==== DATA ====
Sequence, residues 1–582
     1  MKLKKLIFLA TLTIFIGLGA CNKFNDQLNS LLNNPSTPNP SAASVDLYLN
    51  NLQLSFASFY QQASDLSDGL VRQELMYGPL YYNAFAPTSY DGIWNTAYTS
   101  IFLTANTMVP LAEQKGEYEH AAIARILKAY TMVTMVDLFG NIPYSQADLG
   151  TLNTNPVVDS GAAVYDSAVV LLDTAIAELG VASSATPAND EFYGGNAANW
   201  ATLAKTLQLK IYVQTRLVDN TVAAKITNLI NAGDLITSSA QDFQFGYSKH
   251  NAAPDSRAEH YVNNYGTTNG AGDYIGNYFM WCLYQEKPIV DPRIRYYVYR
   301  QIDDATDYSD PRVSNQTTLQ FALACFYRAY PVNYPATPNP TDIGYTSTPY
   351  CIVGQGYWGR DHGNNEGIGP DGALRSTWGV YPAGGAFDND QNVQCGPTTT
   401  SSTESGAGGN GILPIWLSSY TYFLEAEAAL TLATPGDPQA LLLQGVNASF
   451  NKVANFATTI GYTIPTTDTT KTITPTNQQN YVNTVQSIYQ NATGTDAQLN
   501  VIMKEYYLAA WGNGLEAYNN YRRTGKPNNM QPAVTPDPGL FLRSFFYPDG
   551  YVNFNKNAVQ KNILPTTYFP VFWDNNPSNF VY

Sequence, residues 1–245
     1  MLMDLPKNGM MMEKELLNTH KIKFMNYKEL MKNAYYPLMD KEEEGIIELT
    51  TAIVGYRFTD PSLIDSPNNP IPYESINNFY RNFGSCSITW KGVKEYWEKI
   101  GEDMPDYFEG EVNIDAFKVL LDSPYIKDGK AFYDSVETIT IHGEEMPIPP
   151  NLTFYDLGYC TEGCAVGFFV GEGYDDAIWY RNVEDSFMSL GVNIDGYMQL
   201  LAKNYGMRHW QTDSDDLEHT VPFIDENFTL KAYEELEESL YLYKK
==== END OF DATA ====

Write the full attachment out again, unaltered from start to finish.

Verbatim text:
Sequence, residues 1–582
     1  MKLKKLIFLA TLTIFIGLGA CNKFNDQLNS LLNNPSTPNP SAASVDLYLN
    51  NLQLSFASFY QQASDLSDGL VRQELMYGPL YYNAFAPTSY DGIWNTAYTS
   101  IFLTANTMVP LAEQKGEYEH AAIARILKAY TMVTMVDLFG NIPYSQADLG
   151  TLNTNPVVDS GAAVYDSAVV LLDTAIAELG VASSATPAND EFYGGNAANW
   201  ATLAKTLQLK IYVQTRLVDN TVAAKITNLI NAGDLITSSA QDFQFGYSKH
   251  NAAPDSRAEH YVNNYGTTNG AGDYIGNYFM WCLYQEKPIV DPRIRYYVYR
   301  QIDDATDYSD PRVSNQTTLQ FALACFYRAY PVNYPATPNP TDIGYTSTPY
   351  CIVGQGYWGR DHGNNEGIGP DGALRSTWGV YPAGGAFDND QNVQCGPTTT
   401  SSTESGAGGN GILPIWLSSY TYFLEAEAAL TLATPGDPQA LLLQGVNASF
   451  NKVANFATTI GYTIPTTDTT KTITPTNQQN YVNTVQSIYQ NATGTDAQLN
   501  VIMKEYYLAA WGNGLEAYNN YRRTGKPNNM QPAVTPDPGL FLRSFFYPDG
   551  YVNFNKNAVQ KNILPTTYFP VFWDNNPSNF VY

Sequence, residues 1–245
     1  MLMDLPKNGM MMEKELLNTH KIKFMNYKEL MKNAYYPLMD KEEEGIIELT
    51  TAIVGYRFTD PSLIDSPNNP IPYESINNFY RNFGSCSITW KGVKEYWEKI
   101  GEDMPDYFEG EVNIDAFKVL LDSPYIKDGK AFYDSVETIT IHGEEMPIPP
   151  NLTFYDLGYC TEGCAVGFFV GEGYDDAIWY RNVEDSFMSL GVNIDGYMQL
   201  LAKNYGMRHW QTDSDDLEHT VPFIDENFTL KAYEELEESL YLYKK